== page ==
FYI: Charcoal Soap Should Be in Your Skincare Routine
As a child, I was never one to get my hands dirty. Sand castles at the beach? No, thanks. Mid-afternoon mudpies? Rather not. Finger-painting? Hard pass. So go figure that at the ripe old age of 24, the thought of dipping my fingertips, taste buds, heck, even my face, in an otherwise cringe-worthy concoction of ultra-black carbon could make me feel downright giddy. Yet, it does. It really, really does.
Though it's been used in the medical world for over 100 years, charcoal could still be considered one of the new kids on the block in terms of its emergence into mainstream health and beauty products. From juices to supplements, the substance has been touted as highly detoxifying—a bold claim, which, unsurprisingly, has been met by some experts with slightly raised eyebrows.
But what about when it's applied to your skin? Recently, charcoal-based skin care (most notably masks and soaps) has had an extended moment in the spotlight. They look intriguing, yes, but do these detoxifying charcoal soaps actually live up to their blackhead busting reputations?
To cover our bases, we consulted two different experts: board-certified dermatologist Dendy Engelman (who is involved with the SkinCeuticals and also works with celebrity clients like Sofia Vergara) and celebrity facialist, Joanna Vargas who has her own skincare line. In other words, we trust them. Curious to discover their take on charcoal soap? Keep reading.
As we mentioned earlier, activated charcoal isn't a new discovery within the medical world. According to Engelmen, "Activated charcoal, or carbon that's been treated to increase its absorbency, isn't new. It's been used in hospital emergency rooms for years to treat alcohol poisoning and drug overdoses." Essentially, the carbon will attach to any toxins in your system and absorb them before they hit the bloodstream.
Therefore, the theory is similar when it comes to beauty products. After all, if charcoal can draw out life-threatening poisons, it can certainly handle a couple of measly blackheads, yes? Engelmen explains that a charcoal-based product will basically act like a sponge, sucking up dirt and grime before being washed away as you rinse.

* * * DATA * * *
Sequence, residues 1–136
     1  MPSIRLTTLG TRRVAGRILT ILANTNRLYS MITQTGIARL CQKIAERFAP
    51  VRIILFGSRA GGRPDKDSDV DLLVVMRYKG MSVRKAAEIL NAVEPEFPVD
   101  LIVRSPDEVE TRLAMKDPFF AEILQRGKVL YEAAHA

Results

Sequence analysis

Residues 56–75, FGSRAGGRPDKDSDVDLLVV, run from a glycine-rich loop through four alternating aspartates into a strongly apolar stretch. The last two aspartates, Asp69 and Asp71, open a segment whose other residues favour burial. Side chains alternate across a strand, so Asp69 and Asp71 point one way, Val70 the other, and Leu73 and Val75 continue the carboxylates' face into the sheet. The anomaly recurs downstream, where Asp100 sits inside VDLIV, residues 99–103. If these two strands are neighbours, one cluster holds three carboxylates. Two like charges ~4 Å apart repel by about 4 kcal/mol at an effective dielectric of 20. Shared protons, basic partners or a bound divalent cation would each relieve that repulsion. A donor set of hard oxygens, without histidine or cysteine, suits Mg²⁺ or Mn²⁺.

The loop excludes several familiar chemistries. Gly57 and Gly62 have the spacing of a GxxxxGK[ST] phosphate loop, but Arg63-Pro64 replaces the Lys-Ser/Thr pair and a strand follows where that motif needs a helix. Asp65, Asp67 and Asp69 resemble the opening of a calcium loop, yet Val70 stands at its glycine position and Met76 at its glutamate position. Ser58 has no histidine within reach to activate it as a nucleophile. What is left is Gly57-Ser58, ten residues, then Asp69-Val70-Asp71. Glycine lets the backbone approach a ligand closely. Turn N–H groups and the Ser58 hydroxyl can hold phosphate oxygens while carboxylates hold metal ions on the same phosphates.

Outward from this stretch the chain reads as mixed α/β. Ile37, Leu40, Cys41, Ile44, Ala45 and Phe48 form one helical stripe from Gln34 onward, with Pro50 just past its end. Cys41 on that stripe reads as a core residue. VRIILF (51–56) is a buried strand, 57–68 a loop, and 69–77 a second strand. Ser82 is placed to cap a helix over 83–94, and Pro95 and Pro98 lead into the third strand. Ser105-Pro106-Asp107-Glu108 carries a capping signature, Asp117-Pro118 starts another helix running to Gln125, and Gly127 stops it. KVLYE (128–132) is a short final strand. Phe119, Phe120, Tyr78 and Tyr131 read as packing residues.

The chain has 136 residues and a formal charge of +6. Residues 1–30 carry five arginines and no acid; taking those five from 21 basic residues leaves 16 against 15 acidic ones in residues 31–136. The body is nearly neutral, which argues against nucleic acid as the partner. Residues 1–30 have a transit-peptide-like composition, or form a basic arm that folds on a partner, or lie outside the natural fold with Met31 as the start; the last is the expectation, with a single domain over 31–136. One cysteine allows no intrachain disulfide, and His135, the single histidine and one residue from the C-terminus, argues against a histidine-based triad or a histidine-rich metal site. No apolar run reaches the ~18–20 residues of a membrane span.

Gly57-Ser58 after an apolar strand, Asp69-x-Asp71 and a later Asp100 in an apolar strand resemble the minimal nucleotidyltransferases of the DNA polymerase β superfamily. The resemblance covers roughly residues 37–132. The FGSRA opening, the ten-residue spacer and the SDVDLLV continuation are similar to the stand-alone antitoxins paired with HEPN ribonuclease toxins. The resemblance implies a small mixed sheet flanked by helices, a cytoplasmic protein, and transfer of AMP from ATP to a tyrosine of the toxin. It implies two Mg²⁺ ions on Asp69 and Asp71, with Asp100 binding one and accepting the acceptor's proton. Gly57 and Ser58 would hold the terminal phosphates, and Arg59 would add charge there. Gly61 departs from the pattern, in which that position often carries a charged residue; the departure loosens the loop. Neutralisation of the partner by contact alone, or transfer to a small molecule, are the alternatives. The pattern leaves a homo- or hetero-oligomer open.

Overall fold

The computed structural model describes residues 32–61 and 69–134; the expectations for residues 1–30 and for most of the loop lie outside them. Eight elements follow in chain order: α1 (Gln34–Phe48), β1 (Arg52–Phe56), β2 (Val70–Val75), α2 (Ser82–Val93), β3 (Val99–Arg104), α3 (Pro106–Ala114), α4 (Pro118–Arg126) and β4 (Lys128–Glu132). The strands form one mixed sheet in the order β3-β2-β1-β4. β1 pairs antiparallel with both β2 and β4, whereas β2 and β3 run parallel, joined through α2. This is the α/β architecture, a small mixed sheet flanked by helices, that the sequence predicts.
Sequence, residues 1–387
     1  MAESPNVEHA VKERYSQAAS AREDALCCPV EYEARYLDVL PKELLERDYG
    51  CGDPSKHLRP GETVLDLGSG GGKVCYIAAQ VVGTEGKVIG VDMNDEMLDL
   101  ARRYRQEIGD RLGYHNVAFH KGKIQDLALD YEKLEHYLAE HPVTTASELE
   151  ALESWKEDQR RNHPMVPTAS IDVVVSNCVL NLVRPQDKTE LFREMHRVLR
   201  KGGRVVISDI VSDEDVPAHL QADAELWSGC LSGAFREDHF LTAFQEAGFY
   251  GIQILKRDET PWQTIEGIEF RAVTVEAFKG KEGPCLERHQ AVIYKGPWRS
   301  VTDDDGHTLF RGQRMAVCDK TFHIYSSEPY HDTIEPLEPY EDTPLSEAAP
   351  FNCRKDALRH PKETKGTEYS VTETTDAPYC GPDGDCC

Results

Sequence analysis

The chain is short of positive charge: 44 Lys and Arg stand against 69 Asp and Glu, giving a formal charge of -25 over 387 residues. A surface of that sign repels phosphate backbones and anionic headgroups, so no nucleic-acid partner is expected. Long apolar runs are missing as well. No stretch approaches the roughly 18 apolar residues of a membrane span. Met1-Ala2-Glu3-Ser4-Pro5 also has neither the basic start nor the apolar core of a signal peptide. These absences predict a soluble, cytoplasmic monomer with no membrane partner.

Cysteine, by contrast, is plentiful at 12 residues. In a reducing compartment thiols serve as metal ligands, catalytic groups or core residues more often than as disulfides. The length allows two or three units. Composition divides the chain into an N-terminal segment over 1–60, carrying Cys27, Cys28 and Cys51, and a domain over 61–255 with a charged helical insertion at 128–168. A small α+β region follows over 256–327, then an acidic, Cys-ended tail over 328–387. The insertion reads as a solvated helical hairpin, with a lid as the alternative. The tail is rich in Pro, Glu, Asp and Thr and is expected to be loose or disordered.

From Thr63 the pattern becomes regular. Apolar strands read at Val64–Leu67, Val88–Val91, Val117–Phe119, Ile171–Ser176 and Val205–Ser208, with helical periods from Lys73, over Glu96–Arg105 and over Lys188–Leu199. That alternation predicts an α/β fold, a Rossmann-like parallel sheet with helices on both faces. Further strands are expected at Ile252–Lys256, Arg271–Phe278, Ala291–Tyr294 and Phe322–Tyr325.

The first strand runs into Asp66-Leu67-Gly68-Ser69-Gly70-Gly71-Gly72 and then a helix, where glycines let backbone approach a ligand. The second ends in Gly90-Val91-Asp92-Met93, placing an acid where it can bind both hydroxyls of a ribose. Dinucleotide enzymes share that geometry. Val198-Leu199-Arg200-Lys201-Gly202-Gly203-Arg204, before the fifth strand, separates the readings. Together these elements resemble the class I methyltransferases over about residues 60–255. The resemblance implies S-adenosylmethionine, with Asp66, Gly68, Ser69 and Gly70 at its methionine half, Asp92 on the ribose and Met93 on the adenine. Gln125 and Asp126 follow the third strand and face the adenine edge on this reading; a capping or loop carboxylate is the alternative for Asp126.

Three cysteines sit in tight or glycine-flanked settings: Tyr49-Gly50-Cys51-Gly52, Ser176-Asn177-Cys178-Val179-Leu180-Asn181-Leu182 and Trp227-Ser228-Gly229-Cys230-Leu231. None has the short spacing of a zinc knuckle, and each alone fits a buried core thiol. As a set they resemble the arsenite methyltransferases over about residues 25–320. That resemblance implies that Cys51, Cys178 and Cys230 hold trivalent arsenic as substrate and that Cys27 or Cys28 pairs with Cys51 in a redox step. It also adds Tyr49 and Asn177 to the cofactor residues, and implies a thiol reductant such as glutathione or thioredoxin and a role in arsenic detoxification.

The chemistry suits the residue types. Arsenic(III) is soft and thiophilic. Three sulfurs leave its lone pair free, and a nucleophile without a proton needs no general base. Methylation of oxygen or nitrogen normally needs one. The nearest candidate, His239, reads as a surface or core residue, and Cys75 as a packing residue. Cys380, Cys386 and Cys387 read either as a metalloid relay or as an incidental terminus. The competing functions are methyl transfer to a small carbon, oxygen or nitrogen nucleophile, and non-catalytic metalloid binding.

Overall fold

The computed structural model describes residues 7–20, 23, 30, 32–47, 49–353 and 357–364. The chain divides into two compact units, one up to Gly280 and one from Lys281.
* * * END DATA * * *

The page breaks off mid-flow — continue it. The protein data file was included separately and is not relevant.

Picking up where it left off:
However, considering the ingredient's potency, we had some concerns. Couldn't something so strong be hard on our precious complexions? Vargas agreed that depending on your skin type, you should tread carefully and recommends finding a charcoal product that's also gentle. "If you have oily or acne-prone skin, you can use [it] daily, and it can even remove makeup. If your skin is normal to dry, I would advise using it three or four times a week, or whenever you need a deep cleanse."
Additionally, Vargas adds that nighttime is the preferred time to use a charcoal soap since it will clear your skin of all the toxins it's come in contact with throughout the day.
Vargas tells us that due to its ability to hold "1000 times its weight in toxins, [charcoal soap] has the ability to pull impurities from the skin as well as [perform] an overall detox."
And although masks seem to get all the attention, Engelmen makes a case for charcoal soaps and cleansers: "By design, cleansers don’t stay on the face for more than a minute, so activated charcoal in a cleanser works to remove surface impurities. You will use it daily to remove surface oils, dead skin buildup, sweat, and salt on your skin." If you're looking for a super-deep clean, however, a mask will probably be more helpful. Since they sit on top of your skin longer, (hello, Netflix binge), they're able to travel deeper into pores and suck out the extra gunk.
Benefits and Results
So what kind of results can you expect after using a charcoal soap? According to our experts, pleasant ones. In short, Vargas explains that since charcoal has a super-immediate effect, it will leave skin feeling clean and decongested immediately after use. And after about a week, skin should have a brighter, more radiant appearance, overall.
Interested in trying out a charcoal soap? We've rounded up a few of our favourites below.
Still curious about charcoal? Read how it can affect your birth control.